Ideally this would have been a week off training but the Seville Marathon is only just around the corner…
The first obstacle to overcome was to recover from the 10K race I did on Monday evening. For some reason I had more DOMS (Delayed Onset Muscle Soreness) than I am used to in such a short race – perhaps the Half Marathon is the easiest distance to recover from because you neither go at full belt nor do you end up completely exhausting your muscle fibers.
The second “obstacle” was that I had agreed to go skiing in San Isidro for most of the week between New Year’s Eve and Reyes (Epiphany). My experience with skiing ranges all the way from absolutely hating it to finding the enjoyment of it slightly outweighed by the inconvenience, discomfort and cost of it all. This time was no exception: the first day was such awful weather that it was impossible to see where I was going and, more importantly, to be able to judge the steepness and direction of the slope – not ideal conditions for someone who has managed to avoid skiing for over 10 years. My aching legs did not help skiing let alone having to hobble about with bent knees in ski boots. By the afternoon I had decided that I would never ski again. One aspect of my character is that, no sooner do I feel like giving up than a resolve not to let something get the better of me kicks in. Luckily the next day was beautiful and I at least managed to finish on a good note.
Between the race, the long car journey and the snow, I didn’t run for 3 days straight which is probably the longest I have gone without running consecutively for years. I suppose the skiing counts as some sort of exercise, not that it matters much. I decided to do my three days of quality training on Friday, Saturday and Sunday – a slightly risky decision given that my muscles were still tender from the race and, presumably, the skiing.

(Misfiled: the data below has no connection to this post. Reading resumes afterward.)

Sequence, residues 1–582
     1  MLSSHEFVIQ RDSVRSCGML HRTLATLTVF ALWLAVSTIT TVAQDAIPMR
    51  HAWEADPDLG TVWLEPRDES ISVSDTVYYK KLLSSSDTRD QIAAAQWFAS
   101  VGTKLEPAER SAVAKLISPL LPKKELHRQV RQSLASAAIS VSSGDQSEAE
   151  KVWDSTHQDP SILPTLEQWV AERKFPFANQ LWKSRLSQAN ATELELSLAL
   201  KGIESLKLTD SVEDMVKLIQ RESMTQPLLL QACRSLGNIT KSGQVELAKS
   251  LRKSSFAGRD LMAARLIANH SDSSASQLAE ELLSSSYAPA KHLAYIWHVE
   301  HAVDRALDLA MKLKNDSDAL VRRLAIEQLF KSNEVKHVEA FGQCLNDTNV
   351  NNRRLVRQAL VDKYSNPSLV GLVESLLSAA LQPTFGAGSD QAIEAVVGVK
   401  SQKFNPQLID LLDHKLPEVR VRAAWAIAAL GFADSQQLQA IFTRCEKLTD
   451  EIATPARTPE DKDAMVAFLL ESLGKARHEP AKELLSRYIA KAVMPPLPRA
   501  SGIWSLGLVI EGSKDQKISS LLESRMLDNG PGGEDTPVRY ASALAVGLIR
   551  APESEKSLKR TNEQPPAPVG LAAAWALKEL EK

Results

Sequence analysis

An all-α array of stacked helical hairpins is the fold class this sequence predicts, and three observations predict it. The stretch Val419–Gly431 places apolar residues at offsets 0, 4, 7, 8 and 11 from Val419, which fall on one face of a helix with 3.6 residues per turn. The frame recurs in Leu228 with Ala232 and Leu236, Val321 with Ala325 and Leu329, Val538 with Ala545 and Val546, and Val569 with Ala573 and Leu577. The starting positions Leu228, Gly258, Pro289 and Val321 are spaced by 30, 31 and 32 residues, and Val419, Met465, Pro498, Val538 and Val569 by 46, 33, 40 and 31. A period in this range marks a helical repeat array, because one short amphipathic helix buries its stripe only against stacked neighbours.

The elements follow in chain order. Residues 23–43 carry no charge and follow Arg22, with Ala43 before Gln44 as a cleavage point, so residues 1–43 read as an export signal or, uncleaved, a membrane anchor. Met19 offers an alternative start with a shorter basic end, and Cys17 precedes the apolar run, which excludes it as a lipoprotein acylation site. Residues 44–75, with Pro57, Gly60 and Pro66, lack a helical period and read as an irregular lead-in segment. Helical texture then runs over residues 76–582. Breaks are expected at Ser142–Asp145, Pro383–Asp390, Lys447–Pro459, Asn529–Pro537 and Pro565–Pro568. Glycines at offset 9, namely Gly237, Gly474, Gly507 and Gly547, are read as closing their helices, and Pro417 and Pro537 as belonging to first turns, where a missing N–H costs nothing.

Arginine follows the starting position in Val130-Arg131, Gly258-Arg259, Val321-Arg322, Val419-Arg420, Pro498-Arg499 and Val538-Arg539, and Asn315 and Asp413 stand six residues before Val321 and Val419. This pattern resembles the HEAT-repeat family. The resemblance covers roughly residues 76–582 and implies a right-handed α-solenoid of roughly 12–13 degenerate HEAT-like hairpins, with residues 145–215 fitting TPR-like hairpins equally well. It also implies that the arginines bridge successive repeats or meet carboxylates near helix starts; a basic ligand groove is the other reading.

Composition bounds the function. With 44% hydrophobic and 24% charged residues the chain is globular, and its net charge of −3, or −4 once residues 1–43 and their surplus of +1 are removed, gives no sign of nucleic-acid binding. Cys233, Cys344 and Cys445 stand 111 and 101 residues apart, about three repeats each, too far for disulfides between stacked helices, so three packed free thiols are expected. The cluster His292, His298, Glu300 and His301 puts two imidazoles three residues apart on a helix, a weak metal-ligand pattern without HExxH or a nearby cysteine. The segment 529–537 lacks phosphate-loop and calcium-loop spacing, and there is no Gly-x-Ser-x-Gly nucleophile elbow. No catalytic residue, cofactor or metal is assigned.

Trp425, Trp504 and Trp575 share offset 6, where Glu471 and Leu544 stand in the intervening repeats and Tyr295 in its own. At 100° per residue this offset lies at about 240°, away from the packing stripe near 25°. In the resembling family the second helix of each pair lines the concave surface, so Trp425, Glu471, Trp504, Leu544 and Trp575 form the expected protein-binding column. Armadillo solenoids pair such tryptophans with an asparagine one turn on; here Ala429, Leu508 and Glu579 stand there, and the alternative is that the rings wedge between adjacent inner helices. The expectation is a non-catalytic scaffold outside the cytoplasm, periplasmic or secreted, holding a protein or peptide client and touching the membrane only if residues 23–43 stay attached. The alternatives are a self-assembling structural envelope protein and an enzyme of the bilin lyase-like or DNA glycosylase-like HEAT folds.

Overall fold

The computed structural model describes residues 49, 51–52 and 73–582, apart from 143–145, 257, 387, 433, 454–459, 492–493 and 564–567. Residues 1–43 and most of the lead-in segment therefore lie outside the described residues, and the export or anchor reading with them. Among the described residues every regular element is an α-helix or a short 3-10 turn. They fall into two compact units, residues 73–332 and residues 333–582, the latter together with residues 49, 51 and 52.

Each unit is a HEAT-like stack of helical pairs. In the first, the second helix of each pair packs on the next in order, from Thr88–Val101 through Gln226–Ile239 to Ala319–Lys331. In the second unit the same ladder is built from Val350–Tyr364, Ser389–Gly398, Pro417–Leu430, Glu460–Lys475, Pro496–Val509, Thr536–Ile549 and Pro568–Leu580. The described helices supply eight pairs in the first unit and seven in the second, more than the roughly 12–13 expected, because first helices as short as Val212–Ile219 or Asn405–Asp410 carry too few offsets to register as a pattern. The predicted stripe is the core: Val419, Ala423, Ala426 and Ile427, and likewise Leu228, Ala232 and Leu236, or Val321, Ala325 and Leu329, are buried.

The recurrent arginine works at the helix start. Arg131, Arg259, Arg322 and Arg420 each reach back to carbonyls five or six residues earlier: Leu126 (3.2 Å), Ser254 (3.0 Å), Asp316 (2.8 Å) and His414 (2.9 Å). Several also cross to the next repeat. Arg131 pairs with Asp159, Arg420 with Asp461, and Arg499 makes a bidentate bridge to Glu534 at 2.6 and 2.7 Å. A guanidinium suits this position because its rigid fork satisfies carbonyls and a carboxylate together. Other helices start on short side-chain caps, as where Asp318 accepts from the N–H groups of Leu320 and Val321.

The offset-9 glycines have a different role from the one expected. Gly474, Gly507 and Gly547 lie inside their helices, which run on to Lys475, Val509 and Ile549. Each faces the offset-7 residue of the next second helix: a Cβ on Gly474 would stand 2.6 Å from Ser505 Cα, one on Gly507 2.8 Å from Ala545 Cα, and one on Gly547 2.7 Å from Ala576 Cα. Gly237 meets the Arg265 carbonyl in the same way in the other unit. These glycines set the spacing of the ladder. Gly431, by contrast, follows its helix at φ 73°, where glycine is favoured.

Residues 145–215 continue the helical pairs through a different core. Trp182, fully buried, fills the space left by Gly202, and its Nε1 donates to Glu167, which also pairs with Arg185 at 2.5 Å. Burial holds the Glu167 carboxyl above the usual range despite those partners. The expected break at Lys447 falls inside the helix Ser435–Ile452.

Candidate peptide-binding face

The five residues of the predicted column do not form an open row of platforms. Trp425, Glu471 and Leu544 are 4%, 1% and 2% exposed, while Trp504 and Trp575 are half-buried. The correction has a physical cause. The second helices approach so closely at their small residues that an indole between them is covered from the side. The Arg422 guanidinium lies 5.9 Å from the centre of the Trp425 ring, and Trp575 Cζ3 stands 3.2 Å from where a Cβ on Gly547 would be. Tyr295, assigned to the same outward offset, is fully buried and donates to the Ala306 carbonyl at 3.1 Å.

On Friday I did two threshold runs of 15 minutes – as it was impossible to find a long flat course, the first 15 minutes were at a pace of 3:32 but the second (up hill) was much slower, at 4:17. On Saturday, now in Asturias, I went down to the gym in Villaviciosa to do 8 lots of 1,000m at 16.5 kph followed by 4 lots of 200m at 19 kph. I got there so early that the gym hadn’t yet opened and I was the first through the door which meant that I had to figure out how to turn on the machines. The workout was much easier than it should have been (my pulse only got as high as 168 bpm during the 1,000m sets and bear in mind that lately I have been doing 1km intervals at 17.5 kph) but I decided not to push my luck too much – it was still a good workout and I had a longish run planned for the next day. On the Sunday I ran 25km starting from up in the mountains around Villaviciosa which meant that I had to run the last 3 km or so up quite a steep gradient. I consciously ran at what felt like a very easy pace as this was supposed to be a “depletion run”, designed to improve my fat burning capabilities. I did the run on an empty stomach so you can understand why I was dreaming about turrón over those last few kilometers. I think the relatively intense three days served their objective of thoroughly tiring me out without injuring myself – in fact my legs are less achey now as I write this on Sunday evening than they were before the run. Now I feel all set to start another cycle of training for the Seville Marathon (not forgetting the Getafe Half Marathon in which I will have to get a good time if I want to qualify again for New York this year).